Get more numbers; for example, you can use Google Voice or Ring.to to forward to a desired number. GV reputedly has good telemarketing filters.
Plus, there are some good points to the good old home telephone: they have nice charger stands, better range than WiFi, work well for call screening, and I prefer the answering machine over voice mail.
We have an Obi 202 with two phones attached. We screen all our calls using the answering machine, which has really cut down on annoyances. I have a GV number pointing to the main incoming number, and both outgoing services are set to spoof the GV number. There are plenty of other ways to set things up, but this works well for us.
I was paying $35/month (3Mbps) using month-to-month and switched to a contract at $30/month. If Grandpa has to pay more tahn his expected $15/month next year, he'll go back to Juno at $5. I'm confident of that. If you look at DSLextreme.com, there's nothing about introductory rate, just contract or month-to month.
Many people can't imagine life without a landline. Plus, the junk calls all go there. I know because I'm home all day and don;t answer the phone. But sometimes, you don't want people to have your cell number. Let them leave a message and I'll hear it later.
When I subscribed last year for my parents, DSL Extreme was $15 a month. A few months ago they indicated that the renewal rate would be $25 because the introductory rate expired after one year. This is not unusual.
Are you adding in the cost of the POTS? Since voice is cheap if you go VoIP (or only use your cell phone), the analog telephone line required by the cheap services is really part of the cost. Typically, dry loop DSL isn't much cheaper, although you can negotiate.
However, one plus of true dry loop DSL: no added taxes. For example, the $40 Fusion service (availabe from ISPs around here like Sonic.net and LMI.net) actually costs >$50 because of the extra taxes (since an analog phone line is included, even if you don't want it).
I go tired of paying ~$24/month for pretty useless local phone service, and we don't do cable (no time), or even much Internet at home, so I'm on wireless at home (about 12M down/ 2M up - faster than a lot of DSL, but capped) for about the same price as just the phone service.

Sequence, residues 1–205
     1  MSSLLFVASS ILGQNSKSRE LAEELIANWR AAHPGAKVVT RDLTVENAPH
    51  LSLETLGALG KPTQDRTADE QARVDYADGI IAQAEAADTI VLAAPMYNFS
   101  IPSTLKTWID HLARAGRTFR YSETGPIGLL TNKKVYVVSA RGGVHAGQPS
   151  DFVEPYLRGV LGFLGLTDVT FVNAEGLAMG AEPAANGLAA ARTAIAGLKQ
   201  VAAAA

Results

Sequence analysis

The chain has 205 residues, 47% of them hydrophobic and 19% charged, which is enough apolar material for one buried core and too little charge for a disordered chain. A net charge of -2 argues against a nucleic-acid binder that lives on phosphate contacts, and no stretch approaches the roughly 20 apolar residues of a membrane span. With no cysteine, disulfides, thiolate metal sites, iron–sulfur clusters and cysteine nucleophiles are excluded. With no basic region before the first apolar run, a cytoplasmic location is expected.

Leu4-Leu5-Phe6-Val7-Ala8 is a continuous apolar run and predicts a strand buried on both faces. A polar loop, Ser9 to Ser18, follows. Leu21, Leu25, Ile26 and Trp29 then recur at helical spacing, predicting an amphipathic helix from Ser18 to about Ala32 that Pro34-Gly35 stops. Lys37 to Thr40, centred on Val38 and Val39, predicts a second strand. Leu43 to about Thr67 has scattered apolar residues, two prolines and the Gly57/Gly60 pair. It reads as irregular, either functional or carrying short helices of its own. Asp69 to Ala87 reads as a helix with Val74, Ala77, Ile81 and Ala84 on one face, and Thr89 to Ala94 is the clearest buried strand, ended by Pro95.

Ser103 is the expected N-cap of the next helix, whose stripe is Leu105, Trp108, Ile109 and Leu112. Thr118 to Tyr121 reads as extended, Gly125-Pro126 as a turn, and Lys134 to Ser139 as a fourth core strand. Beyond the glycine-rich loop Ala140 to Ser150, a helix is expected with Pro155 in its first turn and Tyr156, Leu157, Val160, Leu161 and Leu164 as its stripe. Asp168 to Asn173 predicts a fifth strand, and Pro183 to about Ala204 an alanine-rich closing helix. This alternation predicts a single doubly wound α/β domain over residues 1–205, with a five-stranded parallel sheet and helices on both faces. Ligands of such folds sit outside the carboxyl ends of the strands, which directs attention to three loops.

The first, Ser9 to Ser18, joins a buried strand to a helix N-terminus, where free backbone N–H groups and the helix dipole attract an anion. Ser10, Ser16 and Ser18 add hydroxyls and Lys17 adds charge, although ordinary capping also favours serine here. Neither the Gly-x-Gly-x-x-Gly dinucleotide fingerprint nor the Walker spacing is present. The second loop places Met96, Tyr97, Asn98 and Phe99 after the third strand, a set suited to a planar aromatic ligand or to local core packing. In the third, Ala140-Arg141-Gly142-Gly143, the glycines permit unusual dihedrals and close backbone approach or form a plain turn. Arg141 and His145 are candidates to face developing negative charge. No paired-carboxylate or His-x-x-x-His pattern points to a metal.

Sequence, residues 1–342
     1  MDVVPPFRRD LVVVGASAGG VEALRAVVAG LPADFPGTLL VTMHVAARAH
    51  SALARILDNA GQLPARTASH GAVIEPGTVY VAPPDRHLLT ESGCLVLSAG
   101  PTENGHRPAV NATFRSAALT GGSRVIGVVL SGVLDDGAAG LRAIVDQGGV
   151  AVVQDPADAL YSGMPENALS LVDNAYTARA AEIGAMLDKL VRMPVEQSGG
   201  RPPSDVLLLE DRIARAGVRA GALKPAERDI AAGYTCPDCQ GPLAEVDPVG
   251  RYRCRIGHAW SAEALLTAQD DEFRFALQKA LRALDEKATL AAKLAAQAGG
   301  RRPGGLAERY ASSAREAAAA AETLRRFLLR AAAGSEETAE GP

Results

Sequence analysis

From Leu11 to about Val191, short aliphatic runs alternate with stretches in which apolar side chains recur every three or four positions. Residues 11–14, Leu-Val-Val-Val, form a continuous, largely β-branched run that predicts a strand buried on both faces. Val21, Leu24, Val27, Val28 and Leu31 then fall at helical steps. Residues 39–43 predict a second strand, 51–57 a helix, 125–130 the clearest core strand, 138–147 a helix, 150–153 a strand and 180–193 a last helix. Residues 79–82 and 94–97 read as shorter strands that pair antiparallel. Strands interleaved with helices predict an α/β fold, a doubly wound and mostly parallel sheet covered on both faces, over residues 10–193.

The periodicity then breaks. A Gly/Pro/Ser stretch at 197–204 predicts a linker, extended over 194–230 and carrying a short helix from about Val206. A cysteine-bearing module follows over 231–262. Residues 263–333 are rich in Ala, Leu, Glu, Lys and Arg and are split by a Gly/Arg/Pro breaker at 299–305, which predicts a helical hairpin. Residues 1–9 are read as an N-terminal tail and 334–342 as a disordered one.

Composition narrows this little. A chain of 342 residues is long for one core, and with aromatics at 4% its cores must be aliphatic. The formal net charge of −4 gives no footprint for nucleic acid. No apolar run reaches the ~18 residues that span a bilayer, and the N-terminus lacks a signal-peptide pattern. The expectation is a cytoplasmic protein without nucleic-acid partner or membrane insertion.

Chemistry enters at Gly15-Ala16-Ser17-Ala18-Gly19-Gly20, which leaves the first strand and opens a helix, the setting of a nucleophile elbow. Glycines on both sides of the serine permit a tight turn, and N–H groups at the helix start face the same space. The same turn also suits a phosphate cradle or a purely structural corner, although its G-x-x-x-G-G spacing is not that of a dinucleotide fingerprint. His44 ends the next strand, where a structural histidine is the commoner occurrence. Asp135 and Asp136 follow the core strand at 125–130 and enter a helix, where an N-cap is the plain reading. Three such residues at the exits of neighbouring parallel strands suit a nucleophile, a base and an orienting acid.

Where did you get this into from? At current pricing, his cost will still be $15/month if he agress to a one-year contract. It's $30/month only if you go month-to-month. My DSL is $30 on contract for higher speed.
As for the $15 monthly with DSL Extreme, it will become $25 or more after the introductory offer expires in a year. Look forward to another article by then.
Martin...how is your Grandpa's modem connecting to the PC? Via Ethernet or via USB? I never had problems with losing the connection on switch-off, but I did have to mess around with the DHCP ranges in the modem and make my printer a static address so my wife and I could both print to it...if the DSL Modem went off (occasionally needed a reset) then it would sometimes give the printer a different address on DHCP. DSL is a magic technology though.
What are the engineering and design challenges in creating successful IoT devices? These devices are usually small, resource-constrained electronics designed to sense, collect, send, and/or interpret data. Some of the devices need to be smart enough to act upon data in real time, 24/7. Are the design challenges the same as with embedded systems, but with a little developer- and IT-skills added in? What do engineers need to know? Rick Merritt talks with two experts about the tools and best options for designing IoT devices in 2016. Specifically the guests will discuss sensors, security, and lessons from IoT deployments.